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Circus 2.0: Seizing The Power Of The Greatest Show On Earth

Juliana Burrell flies on the flying trapeze.

"So we would perform three shows a day, and then tear down and then drive overnight, and then barely get any sleep… and set up again and three shows and tear down and drive."

Julianna Burrell

No Business Like Show Business...Or Is There?

Juliana Burrell spent five  years on the road performing with the Gentry Brothers Circus, Royal Hanneford Circus, Circus America, and Circo Martin Espana. She performed a variety of acts with each circus. One day in 1996, though, after weeks on tour with a circus that kept putting her in harm's way, she came to the end of her rope.

"It was quite an eye opener," Burrell says. "And after two weeks when we were having to perform in really bad weather and not wearing costumes, wearing bathing suits instead, and people were kind of kicking me off the pedestals to go when there was like lightning, I was like...

Okay I'm out of here I can't do this anymore."

As it turns out, running away with the circus isn't all fun and games. Janet French and her daughter Hannah Bobzien both toured as circus performers.

"Well you toured for… how many years, you and Clint, on the road?" French asks her daughter.

"Five," Bobzien replies. "Well I mean, five mostly solid years."

"Yeah, so … that was … that was very stressful…" French asserts.

Hannah and her husband Clint Bobzien loved the circus, and wanted to continue to perform, but they also needed to find a way to make a living that didn't involve being on the road all the time. They both had been teaching in the various circus arts since they were teenagers, Hannah since she was 14. So, they moved back to Bloomington, and in May 2015 they opened their own school.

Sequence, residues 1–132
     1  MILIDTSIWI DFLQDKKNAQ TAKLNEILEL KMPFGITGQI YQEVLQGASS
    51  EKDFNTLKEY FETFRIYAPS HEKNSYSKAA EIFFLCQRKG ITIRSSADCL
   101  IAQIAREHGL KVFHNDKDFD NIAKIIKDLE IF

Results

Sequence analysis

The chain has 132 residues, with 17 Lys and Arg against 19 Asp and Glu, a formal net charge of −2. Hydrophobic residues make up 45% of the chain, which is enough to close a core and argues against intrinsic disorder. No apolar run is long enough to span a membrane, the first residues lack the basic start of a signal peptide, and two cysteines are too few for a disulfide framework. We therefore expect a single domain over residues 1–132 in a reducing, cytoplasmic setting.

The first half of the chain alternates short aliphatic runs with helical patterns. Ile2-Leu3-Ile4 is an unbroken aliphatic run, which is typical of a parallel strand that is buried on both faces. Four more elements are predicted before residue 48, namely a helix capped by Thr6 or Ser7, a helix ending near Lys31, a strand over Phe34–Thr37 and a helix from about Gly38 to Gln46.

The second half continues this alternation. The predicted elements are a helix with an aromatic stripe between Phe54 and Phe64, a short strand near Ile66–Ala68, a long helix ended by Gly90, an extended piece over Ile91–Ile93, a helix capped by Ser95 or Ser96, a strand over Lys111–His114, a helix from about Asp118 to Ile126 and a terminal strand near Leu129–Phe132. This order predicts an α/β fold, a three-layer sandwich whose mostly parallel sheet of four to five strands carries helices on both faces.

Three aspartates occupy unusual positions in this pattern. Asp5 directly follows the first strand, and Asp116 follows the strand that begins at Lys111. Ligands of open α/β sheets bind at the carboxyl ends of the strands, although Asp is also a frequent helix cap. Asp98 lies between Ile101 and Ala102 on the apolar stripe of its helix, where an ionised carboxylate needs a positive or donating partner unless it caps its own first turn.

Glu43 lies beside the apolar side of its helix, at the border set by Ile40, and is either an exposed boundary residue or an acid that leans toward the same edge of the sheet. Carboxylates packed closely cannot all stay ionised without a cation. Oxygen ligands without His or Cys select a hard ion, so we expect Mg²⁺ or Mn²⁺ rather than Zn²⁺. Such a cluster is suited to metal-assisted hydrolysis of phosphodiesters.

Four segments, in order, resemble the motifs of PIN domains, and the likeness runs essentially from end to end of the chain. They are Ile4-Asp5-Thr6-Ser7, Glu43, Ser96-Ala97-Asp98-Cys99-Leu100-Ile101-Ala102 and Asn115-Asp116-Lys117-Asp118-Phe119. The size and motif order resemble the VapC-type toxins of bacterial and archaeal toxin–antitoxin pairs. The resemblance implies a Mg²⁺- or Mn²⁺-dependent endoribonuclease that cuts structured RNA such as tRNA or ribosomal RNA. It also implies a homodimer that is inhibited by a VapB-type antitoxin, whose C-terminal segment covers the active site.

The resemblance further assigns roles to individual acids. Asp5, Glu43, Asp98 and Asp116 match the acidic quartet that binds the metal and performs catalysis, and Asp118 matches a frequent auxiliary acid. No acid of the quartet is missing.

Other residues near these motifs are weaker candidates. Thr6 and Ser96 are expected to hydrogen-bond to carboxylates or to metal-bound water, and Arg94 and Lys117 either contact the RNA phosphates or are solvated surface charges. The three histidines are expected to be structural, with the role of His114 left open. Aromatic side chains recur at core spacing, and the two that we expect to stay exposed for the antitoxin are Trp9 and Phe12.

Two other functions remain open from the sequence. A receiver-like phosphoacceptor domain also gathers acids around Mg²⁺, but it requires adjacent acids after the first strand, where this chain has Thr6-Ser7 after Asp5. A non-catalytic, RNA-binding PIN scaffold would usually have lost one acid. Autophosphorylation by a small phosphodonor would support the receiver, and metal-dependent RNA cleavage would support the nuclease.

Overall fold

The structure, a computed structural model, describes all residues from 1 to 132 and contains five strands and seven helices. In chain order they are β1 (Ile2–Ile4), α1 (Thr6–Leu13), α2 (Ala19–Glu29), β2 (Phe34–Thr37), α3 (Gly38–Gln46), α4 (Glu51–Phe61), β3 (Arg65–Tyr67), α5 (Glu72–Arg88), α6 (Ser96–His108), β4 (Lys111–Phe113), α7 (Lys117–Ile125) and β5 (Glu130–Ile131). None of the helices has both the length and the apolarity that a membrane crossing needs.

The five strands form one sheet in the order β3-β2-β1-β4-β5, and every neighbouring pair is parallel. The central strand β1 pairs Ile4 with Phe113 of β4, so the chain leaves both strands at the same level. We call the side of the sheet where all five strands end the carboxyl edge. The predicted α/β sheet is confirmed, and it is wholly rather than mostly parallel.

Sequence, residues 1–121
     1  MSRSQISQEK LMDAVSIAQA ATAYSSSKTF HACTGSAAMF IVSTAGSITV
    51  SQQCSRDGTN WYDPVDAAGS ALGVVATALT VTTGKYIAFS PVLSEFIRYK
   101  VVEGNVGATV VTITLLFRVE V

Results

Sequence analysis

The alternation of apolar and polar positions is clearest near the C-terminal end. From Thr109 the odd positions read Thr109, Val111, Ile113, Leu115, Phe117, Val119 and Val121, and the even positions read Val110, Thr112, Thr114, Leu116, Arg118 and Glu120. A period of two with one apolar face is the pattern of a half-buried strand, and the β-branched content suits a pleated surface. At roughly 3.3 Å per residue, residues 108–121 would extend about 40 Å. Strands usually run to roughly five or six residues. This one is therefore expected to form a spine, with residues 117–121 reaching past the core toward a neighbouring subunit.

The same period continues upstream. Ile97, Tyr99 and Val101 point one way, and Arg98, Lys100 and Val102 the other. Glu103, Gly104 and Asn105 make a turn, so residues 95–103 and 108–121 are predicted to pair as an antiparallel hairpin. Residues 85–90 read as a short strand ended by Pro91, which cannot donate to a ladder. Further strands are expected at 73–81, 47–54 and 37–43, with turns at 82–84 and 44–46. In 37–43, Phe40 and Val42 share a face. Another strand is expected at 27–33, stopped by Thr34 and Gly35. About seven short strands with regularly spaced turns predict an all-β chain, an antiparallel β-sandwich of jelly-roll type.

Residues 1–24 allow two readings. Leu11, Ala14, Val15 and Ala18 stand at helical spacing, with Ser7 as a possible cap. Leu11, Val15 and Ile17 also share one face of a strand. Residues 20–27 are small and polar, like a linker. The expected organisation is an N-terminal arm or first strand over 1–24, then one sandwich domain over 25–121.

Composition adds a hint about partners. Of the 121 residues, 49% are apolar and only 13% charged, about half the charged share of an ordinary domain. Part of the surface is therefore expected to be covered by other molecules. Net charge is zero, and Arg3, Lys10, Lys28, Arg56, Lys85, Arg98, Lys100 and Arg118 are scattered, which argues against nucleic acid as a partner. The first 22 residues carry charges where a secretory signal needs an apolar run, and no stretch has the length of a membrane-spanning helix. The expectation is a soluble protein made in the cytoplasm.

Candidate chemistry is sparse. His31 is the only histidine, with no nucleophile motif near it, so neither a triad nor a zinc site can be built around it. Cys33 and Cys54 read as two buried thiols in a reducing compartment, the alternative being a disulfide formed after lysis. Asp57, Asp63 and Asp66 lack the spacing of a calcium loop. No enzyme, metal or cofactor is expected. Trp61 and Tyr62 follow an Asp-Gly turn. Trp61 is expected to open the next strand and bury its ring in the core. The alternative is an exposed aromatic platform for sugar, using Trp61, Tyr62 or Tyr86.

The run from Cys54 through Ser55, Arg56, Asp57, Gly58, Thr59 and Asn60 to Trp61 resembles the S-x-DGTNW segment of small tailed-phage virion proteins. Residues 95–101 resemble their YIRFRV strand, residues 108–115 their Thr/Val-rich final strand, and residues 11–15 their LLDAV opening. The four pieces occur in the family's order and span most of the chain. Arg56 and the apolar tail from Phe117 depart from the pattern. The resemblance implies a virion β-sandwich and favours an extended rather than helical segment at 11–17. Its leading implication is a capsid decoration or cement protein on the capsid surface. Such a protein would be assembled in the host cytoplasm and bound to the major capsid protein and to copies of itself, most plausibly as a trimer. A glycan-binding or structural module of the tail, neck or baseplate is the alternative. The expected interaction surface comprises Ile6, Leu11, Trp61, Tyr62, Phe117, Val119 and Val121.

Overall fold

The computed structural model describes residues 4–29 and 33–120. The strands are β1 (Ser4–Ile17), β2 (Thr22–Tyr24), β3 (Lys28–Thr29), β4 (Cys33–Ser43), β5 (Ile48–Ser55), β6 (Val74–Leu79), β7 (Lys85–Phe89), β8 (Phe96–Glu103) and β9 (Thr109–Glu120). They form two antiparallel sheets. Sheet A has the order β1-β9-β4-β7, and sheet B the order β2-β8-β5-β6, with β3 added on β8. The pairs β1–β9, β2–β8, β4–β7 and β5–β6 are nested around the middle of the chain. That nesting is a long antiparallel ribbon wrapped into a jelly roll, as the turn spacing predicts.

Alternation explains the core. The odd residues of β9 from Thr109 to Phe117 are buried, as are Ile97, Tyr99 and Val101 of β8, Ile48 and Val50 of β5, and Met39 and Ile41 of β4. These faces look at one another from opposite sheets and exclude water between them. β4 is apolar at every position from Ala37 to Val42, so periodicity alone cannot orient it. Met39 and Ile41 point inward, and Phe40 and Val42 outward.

Practice at StageFlight Circus Arts

About a 25 minute drive Southeast from the center of Bloomington, StageFlight Circus Arts sits on a wooded hillside above Lake Monroe. The studio space was converted from a pole barn and organized to accommodate a dazzling array of equipment. Even the ceiling is rigged – 9 aerial silks, two aerial hoops, a Chinese Pole and a triple trapeze. Hannah and Clint live in the tiny attached living quarters.

Today they are teaching a class for advanced teens. The four students, all high school aged girls, all come in together, giggling and talking about their days. They'll be here for two and a half hours.

"How long have these guys been in training with [StageFlight]" I ask Hannah Bobzien.

"A year and a half," Hannah replies. "They started last … May? I think, late June or May."

"At first they learned their own discipline," Hannah says. "About a year ago they performed their individual [discipline] acts. So that was aerial hoop, somebody did single point, single trapeze, and she," Hannah points at one of her students, "did aerial silk..."

Aerial silks and aerial hoop performers mix dance and acrobatic tricks while hanging sometimes twenty feet in the air.

"And then we created a four person triple trapeze act on this thing here," Hannah points to the triple trapeze hanging above us, "and they just did a fabulous job at our last show, I was so impressed, so we're keeping that in our back pocket, we're going to perform that more for sure."

"And now we're training for the next show and we have a duo Chinese pole act, and a duo hoop act, with two hoops."

Chinese pole is an acrobatic discipline where performers use a vertical pole, usually around ten feet long, to support various tricks. They can climb the pole, spin around it, or lean out and pick up fellow performers. It takes a great amount of strength and balance to perform.

Class starts with nearly twenty minutes of warms ups and stretches. Hannah calls out each exercise and Clint goes around to each of the girls to give adjustments and assistance. It's important that bad habits don't get formed, even in practice.

After warm-ups they move on through easier but essential foundation tricks, like holding handstands.

"They've worked up to 45 second… I mean they can do longer but they do a 45-second and then a 30-second hand stand," Hannah says. "And pretty much they just float in between hands for now."

Then, thy're on to tricks in handstands.

Clint and Hannah's student Maya is mastering the headstand trick. She stands on her head and moves her legs from their elongated position, pointed straight at the ceiling, to a position where both feet are sticking out to the side. She's practicing to master the immense control she must have in her core to go from one position to another. Hannah and Clint stand on either side of her giving her suggestions as she practices.

"Keep going rotate, rotate. Nice Maya!"

"Try to stay against the mat, bring it back up."


"Try one more!"